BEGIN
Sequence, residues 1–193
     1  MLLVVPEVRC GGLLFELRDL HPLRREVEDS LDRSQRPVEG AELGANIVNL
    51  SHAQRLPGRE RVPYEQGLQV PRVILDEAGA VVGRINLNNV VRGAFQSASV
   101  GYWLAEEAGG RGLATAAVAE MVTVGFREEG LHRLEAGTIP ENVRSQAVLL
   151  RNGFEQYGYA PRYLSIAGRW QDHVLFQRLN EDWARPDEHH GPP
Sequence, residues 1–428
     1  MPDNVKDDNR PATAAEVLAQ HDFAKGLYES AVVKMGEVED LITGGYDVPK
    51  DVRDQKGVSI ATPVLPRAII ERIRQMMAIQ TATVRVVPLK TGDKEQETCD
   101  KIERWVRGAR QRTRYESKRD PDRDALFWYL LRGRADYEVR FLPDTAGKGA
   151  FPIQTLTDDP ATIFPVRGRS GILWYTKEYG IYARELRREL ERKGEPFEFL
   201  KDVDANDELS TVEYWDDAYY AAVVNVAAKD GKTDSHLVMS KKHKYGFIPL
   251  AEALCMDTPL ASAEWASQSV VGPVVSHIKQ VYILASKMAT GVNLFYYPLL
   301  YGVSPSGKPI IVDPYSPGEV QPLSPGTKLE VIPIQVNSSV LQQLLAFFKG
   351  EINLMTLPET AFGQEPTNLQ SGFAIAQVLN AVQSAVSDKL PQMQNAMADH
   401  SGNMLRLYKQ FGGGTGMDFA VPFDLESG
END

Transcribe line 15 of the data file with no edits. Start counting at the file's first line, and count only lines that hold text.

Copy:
   401  SGNMLRLYKQ FGGGTGMDFA VPFDLESG